Early in his ministry, Soper was radicalised by the inner-city poverty that he witnessed. He became an active member of the Labour Party and much of his preaching was concerned with the political implications of the Christian gospel; late in life, he offended many conservatives by his fiercely expressed argument that the policies of Margaret Thatcher were inherently incompatible with Christianity. From 1936 until his retirement in 1978, he was the minister of Kingsway Hall, a "Central hall" within the Methodist church and the home of the West London Methodist Mission which exercised a ministry of practical care for marginalised groups such as the homeless, unmarried mothers and alcoholics. He served as President of the Methodist Conference in 1953–54.
Soper took up many radical causes. As well as being a socialist, he was a teetotaler, a vigorous opponent of blood sports (he was President of the League Against Cruel Sports from 1967 to 1997) and gambling (he criticised the British Royal Family's association with horse racing), and most notably, a pacifist. He joined the Peace Pledge Union in 1937 and preached pacifism throughout the Second World War, being deemed so effective that he was banned from broadcasting on the BBC. After the War he became a regular broadcaster on BBC's Thought for the Day.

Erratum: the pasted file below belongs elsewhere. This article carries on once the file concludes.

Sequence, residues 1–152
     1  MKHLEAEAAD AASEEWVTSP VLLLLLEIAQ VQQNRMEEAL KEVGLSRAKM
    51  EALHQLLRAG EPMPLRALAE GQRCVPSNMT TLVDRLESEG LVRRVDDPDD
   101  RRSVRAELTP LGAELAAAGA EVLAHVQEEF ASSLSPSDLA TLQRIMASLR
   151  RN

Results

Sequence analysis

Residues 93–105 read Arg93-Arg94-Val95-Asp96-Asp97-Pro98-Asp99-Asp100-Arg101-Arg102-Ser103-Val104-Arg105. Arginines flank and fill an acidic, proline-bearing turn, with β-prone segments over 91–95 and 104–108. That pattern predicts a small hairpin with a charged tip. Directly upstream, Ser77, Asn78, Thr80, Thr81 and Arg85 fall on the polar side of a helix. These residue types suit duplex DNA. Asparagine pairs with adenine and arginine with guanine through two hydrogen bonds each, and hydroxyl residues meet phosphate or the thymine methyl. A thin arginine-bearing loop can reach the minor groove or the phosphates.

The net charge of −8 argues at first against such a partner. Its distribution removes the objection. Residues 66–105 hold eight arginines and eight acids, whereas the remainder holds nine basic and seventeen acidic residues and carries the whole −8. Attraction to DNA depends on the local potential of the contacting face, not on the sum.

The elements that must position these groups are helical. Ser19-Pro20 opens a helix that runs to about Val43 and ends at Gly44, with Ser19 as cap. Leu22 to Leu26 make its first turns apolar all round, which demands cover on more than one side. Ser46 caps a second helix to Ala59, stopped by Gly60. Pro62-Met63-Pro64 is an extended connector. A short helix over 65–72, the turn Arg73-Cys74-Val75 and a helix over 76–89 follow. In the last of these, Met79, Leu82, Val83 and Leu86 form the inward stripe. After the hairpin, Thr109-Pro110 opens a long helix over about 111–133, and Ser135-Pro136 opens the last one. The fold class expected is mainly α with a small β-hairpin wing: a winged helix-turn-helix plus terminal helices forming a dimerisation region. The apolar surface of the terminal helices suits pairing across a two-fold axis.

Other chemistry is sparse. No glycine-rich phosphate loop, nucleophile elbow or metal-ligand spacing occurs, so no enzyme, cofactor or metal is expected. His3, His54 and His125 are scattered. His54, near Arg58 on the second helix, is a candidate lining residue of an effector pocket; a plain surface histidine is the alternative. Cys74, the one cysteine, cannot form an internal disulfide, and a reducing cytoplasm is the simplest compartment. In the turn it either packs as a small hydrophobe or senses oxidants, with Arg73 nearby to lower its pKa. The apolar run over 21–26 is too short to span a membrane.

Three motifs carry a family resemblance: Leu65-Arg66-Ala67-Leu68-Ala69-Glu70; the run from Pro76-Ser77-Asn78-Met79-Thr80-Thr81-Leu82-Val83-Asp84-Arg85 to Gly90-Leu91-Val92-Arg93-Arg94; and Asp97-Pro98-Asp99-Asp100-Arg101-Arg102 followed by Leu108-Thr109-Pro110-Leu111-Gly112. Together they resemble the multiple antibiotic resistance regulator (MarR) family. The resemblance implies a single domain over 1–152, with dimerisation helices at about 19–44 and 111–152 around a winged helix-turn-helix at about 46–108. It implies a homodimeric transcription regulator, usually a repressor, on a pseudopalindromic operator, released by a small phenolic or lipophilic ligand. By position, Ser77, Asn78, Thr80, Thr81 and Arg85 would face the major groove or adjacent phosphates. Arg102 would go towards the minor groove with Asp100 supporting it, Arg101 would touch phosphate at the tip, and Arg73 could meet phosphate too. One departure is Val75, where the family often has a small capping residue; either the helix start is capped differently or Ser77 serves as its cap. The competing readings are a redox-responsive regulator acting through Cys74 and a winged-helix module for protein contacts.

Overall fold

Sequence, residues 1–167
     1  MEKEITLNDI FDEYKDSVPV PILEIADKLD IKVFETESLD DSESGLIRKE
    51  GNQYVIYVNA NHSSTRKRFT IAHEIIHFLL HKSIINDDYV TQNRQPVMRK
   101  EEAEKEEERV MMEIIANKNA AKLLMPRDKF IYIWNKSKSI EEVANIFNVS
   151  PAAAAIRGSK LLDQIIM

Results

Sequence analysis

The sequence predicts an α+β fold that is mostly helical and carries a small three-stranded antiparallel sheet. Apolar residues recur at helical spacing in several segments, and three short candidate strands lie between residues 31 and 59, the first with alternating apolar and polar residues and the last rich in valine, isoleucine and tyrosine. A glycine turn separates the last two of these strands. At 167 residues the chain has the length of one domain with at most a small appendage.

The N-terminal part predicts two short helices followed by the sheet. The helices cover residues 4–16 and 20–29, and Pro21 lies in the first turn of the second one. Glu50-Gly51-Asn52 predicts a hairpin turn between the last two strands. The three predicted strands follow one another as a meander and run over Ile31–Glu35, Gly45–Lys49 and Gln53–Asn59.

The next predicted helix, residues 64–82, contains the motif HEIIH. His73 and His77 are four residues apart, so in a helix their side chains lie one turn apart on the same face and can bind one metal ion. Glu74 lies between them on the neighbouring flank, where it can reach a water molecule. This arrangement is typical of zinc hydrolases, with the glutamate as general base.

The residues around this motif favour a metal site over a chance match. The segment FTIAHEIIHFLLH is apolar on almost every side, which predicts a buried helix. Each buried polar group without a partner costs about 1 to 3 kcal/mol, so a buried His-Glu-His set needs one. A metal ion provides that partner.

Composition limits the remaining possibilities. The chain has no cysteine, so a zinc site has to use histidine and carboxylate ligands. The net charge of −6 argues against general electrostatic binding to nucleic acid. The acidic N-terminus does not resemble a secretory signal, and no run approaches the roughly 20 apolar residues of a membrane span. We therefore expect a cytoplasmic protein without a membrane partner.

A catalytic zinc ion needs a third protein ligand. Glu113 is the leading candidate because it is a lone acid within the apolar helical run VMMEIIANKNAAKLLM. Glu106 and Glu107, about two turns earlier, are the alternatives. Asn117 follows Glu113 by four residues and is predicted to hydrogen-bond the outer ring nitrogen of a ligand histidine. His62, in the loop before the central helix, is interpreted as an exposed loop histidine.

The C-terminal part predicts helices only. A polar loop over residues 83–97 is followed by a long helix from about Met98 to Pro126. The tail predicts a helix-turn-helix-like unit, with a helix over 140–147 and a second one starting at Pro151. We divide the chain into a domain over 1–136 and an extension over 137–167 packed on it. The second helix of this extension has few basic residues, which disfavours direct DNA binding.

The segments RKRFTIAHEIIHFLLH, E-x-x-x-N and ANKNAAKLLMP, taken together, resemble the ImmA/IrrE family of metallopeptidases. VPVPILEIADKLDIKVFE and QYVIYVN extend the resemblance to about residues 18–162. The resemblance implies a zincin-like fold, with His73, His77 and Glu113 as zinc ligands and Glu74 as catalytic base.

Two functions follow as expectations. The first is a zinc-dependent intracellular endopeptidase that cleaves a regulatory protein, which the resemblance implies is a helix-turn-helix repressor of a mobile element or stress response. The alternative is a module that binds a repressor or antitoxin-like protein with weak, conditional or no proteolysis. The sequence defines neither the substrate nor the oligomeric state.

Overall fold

He was active in the Campaign for Nuclear Disarmament from its beginnings, and was president of the Fellowship of Reconciliation in England for many years until his death. For twenty years he wrote regularly for the socialist magazine Tribune, and 1958 was elected as an alderman (Labour) of the London County Council. After the abolition of the LCC, he became an alderman on the Greater London Council (1964–5) and accepted the offer of a life peerage from the Labour government of the day, and so was created on 12 May 1965 Baron Soper, of Kingsway in the London Borough of Camden, being the first Methodist minister to sit in the House of Lords, an organisation he opposed (he referred to it as "proof of the reality of life after death") but which he was able to use as a platform for the expression of his views.